Sustained, high unemployment over several years has led some economic analysts to suggest that “structural” problems in the labor market are the biggest barrier to getting the economy back on track. The two most common structural barriers mentioned are the unemployment insurance system and an alleged mismatch between the skills workers have and the skills employers need. Neither of these concerns stands up to close scrutiny.
The best evidence on the direct impact of the unemployment insurance system shows that it increases the average duration of unemployment by a relatively short period –on the order of a few weeks– and, as a result, increases the overall unemployment rate by a small amount –on the order of a few tenths of a percentage point. A recent analysis by Berkeley economist Jesse Rothstein, for example, concluded that extensions of unemployment insurance benefits during the Great Recession raised the overall unemployment rate by between 0.2 and 0.6 percentage points (relative to a total increase in the unemployment rate of 5.0 percentage points from December 2007 level to its peak in 2010). Rothstein’s estimates suggest that half or more of this 0.2 to 0.6 percentage-point rise was the result of reduced labor-force exit –that is, receiving unemployment insurance encouraged workers, who otherwise would have given up looking, to stick with their job search. The increase in unemployment associated with workers being pickier about the jobs they eventually take was, in Rothstein’s calculations, only between 0.1 and 0.3 percentage points.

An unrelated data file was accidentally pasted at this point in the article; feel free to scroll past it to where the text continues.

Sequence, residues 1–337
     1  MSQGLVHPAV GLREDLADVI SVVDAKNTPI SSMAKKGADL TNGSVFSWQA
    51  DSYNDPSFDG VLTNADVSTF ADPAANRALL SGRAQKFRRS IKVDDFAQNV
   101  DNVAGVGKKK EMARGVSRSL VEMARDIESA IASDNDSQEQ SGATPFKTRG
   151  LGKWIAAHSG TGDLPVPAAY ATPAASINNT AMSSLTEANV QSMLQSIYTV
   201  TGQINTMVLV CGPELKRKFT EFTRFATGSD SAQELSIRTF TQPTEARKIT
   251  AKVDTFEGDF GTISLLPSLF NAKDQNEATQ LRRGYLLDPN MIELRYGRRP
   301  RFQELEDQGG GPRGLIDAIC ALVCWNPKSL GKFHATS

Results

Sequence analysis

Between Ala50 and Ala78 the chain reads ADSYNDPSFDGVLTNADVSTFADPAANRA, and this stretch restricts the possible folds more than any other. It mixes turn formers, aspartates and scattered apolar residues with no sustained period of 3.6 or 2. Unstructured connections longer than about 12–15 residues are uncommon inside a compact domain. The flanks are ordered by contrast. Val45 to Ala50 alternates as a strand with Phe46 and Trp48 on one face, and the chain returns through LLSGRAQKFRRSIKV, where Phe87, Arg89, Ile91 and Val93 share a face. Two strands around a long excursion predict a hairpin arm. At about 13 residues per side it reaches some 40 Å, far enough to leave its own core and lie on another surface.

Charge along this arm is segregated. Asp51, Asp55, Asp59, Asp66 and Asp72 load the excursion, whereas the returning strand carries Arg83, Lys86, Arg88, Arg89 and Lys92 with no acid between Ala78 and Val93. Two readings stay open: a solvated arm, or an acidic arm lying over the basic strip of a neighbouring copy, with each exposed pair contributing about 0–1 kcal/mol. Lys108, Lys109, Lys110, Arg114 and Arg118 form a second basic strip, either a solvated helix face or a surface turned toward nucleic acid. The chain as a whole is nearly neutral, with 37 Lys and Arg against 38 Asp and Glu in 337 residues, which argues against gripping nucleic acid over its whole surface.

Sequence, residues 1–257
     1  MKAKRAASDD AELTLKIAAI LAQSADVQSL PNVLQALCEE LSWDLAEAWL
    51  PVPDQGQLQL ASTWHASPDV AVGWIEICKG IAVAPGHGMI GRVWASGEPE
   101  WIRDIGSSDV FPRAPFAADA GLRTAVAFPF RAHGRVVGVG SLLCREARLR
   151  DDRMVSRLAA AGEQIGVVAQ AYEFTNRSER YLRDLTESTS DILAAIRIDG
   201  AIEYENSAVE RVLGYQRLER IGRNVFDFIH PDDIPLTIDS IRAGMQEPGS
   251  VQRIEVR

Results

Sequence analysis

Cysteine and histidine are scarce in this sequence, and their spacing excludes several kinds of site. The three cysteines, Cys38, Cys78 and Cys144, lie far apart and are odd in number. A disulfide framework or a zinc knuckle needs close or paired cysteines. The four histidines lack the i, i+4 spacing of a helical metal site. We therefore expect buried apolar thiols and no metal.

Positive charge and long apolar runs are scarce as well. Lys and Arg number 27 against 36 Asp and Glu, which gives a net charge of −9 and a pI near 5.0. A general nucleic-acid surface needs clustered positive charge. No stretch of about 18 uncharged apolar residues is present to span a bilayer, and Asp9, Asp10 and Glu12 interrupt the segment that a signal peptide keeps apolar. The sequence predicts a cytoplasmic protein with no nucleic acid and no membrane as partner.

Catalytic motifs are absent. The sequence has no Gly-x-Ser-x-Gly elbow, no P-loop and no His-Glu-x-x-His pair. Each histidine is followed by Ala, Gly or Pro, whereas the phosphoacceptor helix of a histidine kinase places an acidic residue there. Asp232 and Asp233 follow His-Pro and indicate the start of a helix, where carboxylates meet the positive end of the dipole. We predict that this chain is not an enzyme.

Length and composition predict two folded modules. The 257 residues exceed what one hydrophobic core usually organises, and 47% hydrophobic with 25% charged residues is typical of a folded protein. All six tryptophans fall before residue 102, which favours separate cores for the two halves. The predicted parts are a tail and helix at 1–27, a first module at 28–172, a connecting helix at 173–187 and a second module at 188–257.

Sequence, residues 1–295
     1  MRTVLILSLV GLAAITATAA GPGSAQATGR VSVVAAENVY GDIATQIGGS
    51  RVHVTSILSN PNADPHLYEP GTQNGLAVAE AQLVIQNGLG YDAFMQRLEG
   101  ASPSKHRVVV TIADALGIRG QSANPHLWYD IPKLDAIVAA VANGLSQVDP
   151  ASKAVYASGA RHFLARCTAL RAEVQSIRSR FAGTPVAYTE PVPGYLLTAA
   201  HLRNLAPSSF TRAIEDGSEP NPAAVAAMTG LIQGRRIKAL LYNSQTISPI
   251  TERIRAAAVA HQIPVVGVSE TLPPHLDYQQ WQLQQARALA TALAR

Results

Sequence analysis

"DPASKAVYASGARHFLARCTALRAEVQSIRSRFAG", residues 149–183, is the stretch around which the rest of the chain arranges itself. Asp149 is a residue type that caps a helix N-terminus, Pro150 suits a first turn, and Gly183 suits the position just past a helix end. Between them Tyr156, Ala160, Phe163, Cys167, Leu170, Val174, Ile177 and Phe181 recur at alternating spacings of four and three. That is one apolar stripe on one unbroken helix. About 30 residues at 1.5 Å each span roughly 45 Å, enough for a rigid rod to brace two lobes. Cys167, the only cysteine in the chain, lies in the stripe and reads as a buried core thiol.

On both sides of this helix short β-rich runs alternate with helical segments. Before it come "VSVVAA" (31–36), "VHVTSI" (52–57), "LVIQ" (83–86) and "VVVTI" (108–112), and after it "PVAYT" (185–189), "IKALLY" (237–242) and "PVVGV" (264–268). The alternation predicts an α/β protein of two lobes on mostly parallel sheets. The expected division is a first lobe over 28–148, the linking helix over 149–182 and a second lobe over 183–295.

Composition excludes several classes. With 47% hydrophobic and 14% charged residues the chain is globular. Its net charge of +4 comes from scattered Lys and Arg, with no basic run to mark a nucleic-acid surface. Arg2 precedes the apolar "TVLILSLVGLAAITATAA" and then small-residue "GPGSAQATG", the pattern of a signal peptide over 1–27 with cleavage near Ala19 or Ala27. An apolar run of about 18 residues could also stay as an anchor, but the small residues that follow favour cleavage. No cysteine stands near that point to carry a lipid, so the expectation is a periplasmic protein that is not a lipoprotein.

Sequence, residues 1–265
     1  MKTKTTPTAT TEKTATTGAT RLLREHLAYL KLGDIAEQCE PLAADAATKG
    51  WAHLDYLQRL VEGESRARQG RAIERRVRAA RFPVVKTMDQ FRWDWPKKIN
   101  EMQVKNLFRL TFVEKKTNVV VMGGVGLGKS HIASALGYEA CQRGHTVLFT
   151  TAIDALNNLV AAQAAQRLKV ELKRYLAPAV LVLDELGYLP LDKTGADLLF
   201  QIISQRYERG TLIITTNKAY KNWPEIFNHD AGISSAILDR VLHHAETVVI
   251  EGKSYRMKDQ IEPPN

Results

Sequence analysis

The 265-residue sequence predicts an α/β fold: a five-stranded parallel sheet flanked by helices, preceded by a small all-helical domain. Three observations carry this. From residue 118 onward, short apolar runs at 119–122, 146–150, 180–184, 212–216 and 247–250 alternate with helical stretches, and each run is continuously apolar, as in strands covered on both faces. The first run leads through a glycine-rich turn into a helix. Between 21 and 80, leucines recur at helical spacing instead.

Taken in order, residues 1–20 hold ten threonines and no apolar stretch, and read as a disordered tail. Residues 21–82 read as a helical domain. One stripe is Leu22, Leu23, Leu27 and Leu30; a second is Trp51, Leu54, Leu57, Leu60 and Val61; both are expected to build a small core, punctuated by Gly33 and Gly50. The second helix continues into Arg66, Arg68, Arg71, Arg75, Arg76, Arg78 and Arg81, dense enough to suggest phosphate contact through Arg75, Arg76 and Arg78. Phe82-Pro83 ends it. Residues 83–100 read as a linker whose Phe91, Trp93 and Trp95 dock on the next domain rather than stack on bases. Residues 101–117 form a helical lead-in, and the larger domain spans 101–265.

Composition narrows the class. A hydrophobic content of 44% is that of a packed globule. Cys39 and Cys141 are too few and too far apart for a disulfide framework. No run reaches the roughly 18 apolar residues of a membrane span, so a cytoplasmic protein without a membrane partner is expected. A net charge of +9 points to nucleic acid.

These minimal direct impacts of unemployment insurance on the behavior of the unemployed, however, are only part of the story. Unemployment benefits also inject income into families and communities experiencing sudden, sharp declines in purchasing power. Because the unemployed are usually cash-constrained, benefits paid to them quickly make their way into the economy in the form of rent, car payments, groceries, and other necessities. At the end of last year, Economists Lawrence Mishel and Heidi Shierholz of the Economic Policy Institute estimated that a $45 billion extension in unemployment insurance benefits would, thanks to a high associated multiplier effect, increase the GDP this year by $72 billion, or roughly a half million additional jobs. The impact of this direct cash infusion swamps the behavioral responses of unemployed workers receiving benefits.
“Skills mismatch” is not a serious structural barrier to more rapid job growth either. Proponents of this view argue that employers are eager to expand output, but are currently constrained by the lack of workers with available skills. Media accounts occasionally feature employers who say that they want to expand their operations, but can’t find the kind of workers they need. But, even the best functioning economy will always have some employers, particularly the most innovative ones, that are looking for particular kinds of workers that are in short supply in that moment. This holds in the same way that there were some employers still hiring in the depths of the recession and some employers laying-off workers even at the peak of the last boom. To assess whether the economy is facing a structural mismatch, however, we must go beyond anecdotes. The available statistical evidence provides little support for the idea that the anecdotal experiences of employers facing skills shortages are widespread, let alone typical.